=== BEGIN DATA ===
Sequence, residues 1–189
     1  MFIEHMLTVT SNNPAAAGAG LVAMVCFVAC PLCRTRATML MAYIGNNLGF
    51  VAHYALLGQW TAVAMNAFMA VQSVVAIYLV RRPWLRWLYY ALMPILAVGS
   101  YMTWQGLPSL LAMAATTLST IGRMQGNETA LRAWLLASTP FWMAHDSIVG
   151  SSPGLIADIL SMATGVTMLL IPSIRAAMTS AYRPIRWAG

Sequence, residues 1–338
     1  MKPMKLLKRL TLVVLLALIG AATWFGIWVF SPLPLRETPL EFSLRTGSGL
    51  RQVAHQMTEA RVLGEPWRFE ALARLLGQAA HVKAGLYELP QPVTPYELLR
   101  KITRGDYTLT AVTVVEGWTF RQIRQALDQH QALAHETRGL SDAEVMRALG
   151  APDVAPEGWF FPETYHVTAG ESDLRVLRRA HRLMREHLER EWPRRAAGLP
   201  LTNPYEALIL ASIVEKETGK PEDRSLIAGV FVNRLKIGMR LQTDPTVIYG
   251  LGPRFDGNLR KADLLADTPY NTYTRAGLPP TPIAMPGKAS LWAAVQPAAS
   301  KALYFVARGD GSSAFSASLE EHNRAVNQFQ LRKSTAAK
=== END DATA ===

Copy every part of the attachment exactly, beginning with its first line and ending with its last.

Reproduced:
Sequence, residues 1–189
     1  MFIEHMLTVT SNNPAAAGAG LVAMVCFVAC PLCRTRATML MAYIGNNLGF
    51  VAHYALLGQW TAVAMNAFMA VQSVVAIYLV RRPWLRWLYY ALMPILAVGS
   101  YMTWQGLPSL LAMAATTLST IGRMQGNETA LRAWLLASTP FWMAHDSIVG
   151  SSPGLIADIL SMATGVTMLL IPSIRAAMTS AYRPIRWAG

Sequence, residues 1–338
     1  MKPMKLLKRL TLVVLLALIG AATWFGIWVF SPLPLRETPL EFSLRTGSGL
    51  RQVAHQMTEA RVLGEPWRFE ALARLLGQAA HVKAGLYELP QPVTPYELLR
   101  KITRGDYTLT AVTVVEGWTF RQIRQALDQH QALAHETRGL SDAEVMRALG
   151  APDVAPEGWF FPETYHVTAG ESDLRVLRRA HRLMREHLER EWPRRAAGLP
   201  LTNPYEALIL ASIVEKETGK PEDRSLIAGV FVNRLKIGMR LQTDPTVIYG
   251  LGPRFDGNLR KADLLADTPY NTYTRAGLPP TPIAMPGKAS LWAAVQPAAS
   301  KALYFVARGD GSSAFSASLE EHNRAVNQFQ LRKSTAAK